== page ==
Updated: Oct 30, 2020
According to the NHS, one in 3 of us suffers from poor sleep. Interestingly, many of are not even aware that we are sleep-deprived! There are many factors that may adversely affect our sleep. These include a range of physical and psychological conditions, environmental and lifestyle factors, working patterns and family/caring responsibilities.
Whatever the reason, we all know how we can feel if we are not getting the sleep we need - tired, grumpy, lacking in concentration.
However did you know that sleep deprivation can also have profound consequences on your health and your life in general? Poor sleep is linked to anxiety and depression, poor performance at work, increased risk of accidents, infertility and more and puts you at risk of serious medical conditions such as obesity, heart disease and diabetes, even shortening life expectancy.
How are poor sleep and anxiety related?
We accumulate and store all the various stresses and strains of our daily lives in a metaphorical 'stress bucket'. One of the functions of sleep is to help us empty this bucket. During REM (rapid eye movement) sleep, we process all the upsets and emotions of the day and convert them from being emotional memories to being narrative memories over which we have control. Ideally we wake up in the morning with an empty bucket, ready to start the day afresh without any worries.
Unfortunately, if we have too much in our stress bucket, or if we are not getting enough good quality sleep, we can't empty our bucket fully every night and our anxieties will start to build up, potentially giving rise to a whole host of related issues. Also, when the brain has to work too hard during sleep to empty our bucket it reacts by waking us up, and we typically lie awake worrying, unable to get back to sleep for a long time. We can also have problems getting to sleep in the first place or waking up too early in the morning. What's more, just knowing we can't sleep is anxiety-provoking in itself which just adds to the problem. Thus a vicious circle develops.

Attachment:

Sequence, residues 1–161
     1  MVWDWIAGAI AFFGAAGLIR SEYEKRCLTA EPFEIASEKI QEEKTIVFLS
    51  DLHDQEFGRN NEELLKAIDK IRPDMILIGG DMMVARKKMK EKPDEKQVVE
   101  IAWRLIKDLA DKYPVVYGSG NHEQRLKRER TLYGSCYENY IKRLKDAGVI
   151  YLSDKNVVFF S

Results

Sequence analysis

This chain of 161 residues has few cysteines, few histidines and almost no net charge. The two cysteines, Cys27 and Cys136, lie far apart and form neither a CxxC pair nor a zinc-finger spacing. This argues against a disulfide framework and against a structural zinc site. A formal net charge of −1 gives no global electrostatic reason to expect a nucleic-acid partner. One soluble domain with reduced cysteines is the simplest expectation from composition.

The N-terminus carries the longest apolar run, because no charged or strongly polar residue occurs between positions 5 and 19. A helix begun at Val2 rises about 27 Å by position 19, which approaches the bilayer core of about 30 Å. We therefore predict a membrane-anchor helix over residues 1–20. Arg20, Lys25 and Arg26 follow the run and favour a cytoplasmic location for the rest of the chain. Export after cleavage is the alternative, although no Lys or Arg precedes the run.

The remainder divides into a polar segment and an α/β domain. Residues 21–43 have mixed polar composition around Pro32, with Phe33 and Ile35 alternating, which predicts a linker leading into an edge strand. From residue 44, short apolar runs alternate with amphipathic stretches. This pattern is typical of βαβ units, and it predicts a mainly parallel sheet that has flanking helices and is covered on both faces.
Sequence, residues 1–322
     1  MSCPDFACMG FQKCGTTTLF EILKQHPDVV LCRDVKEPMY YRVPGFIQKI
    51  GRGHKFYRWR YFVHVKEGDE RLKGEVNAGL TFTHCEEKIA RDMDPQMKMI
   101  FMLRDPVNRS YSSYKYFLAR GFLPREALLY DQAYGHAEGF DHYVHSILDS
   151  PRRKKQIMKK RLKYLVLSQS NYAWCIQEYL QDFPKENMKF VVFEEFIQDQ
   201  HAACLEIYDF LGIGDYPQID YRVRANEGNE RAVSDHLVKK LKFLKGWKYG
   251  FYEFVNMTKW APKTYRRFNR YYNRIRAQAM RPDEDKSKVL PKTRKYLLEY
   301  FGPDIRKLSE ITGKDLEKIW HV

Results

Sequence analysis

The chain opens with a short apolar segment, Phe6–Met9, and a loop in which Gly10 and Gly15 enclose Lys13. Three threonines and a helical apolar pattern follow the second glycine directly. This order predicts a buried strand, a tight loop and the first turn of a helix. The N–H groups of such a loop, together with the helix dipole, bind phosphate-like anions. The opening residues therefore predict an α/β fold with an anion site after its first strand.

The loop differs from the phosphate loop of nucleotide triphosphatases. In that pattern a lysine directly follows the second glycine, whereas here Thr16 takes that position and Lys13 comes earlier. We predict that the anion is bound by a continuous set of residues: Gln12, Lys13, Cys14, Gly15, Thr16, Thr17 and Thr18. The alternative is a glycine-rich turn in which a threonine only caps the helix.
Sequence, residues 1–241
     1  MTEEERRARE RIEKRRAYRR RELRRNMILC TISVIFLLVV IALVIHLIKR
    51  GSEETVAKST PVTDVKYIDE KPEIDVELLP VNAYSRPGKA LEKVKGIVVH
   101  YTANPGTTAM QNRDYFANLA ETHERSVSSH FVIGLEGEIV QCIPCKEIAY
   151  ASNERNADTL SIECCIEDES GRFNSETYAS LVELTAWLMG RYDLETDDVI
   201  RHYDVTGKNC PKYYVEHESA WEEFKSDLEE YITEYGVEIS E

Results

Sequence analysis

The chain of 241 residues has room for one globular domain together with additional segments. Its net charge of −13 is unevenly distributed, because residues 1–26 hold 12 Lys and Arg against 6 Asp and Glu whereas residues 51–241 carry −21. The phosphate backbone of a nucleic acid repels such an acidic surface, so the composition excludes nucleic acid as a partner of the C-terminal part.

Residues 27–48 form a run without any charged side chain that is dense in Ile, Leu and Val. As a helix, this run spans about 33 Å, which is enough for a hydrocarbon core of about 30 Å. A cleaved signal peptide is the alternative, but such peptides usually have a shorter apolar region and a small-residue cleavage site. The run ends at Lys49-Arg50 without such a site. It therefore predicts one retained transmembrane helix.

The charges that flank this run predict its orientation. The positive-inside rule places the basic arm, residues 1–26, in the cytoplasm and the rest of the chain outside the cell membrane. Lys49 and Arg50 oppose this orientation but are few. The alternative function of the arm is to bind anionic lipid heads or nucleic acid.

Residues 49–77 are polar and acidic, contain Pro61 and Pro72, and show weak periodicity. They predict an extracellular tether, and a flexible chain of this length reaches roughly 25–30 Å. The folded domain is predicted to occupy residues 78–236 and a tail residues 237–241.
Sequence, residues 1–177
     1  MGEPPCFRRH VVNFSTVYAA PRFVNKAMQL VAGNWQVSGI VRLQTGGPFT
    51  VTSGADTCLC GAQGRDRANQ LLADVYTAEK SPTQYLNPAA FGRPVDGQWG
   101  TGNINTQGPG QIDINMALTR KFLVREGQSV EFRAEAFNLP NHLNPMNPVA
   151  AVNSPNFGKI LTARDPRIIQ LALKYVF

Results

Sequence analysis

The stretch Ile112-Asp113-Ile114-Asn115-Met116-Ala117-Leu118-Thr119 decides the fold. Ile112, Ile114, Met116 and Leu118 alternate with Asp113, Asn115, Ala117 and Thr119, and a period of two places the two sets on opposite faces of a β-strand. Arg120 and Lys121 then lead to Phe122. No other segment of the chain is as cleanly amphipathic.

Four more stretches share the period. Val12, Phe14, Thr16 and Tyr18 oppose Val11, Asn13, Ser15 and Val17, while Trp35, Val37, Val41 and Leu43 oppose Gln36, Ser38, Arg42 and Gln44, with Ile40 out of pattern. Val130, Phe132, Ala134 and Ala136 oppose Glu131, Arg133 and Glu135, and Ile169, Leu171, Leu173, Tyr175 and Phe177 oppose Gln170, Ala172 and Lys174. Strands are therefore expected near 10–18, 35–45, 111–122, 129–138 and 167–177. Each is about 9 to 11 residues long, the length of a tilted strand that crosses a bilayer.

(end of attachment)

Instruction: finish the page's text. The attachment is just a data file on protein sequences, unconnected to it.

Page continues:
So what can we do to help?
In some cases, sleep deprivation might be a symptom of an undiagnosed sleep disorder or other medical problem so if you have any major concerns it is always best to consult your GP.
However, insomnia can very often get better by changing your sleeping habits.
The NHS recommends the following:
- go to bed and wake up at the same time every day
- only go to bed when you feel tired
- relax for at least 1 hour before bed, for example, take a bath or read a book
- make sure your bedroom is dark and quiet – use thick curtains, blinds, an eye mask or ear plugs
- exercise regularly during the day
- make sure your mattress, pillows and covers are comfortable
- do not smoke or drink alcohol, tea or coffee at least 6 hours before going to bed
- do not eat a big meal late at night
- do not exercise at least 4 hours before bed
- do not watch television or use devices right before going to bed – the bright light makes you more awake
- do not nap during the day
- do not sleep in after a bad night's sleep – stick to your regular sleeping hours instead
How can solution-focused hypnotherapy help with sleep disorders?
Solution-focused hypnotherapy can be very effective at reducing stress and anxiety as well as other disorders that affect sleep such as depression and chronic pain. This is achieved through a combination of psychotherapeutic techniques and trance. The trance state is a deeply relaxing and pleasant experience which mimics Rapid Eye Movement sleep, thus helping us to alleviate anxieties. One of the most noticeable and rapidly-achieved effects of therapy is a marked improvement in sleep patterns. By helping to get your sleep patterns back on track, hypnotherapy can have a powerful impact on a number of serious health issues, as well as improving your concentration, your performance at work, sex life, relationships, and so much more.
Dr Sophie Bostock, Sleep Evangelist : https://www.youtube.com/watch?v=vbVetfsLltk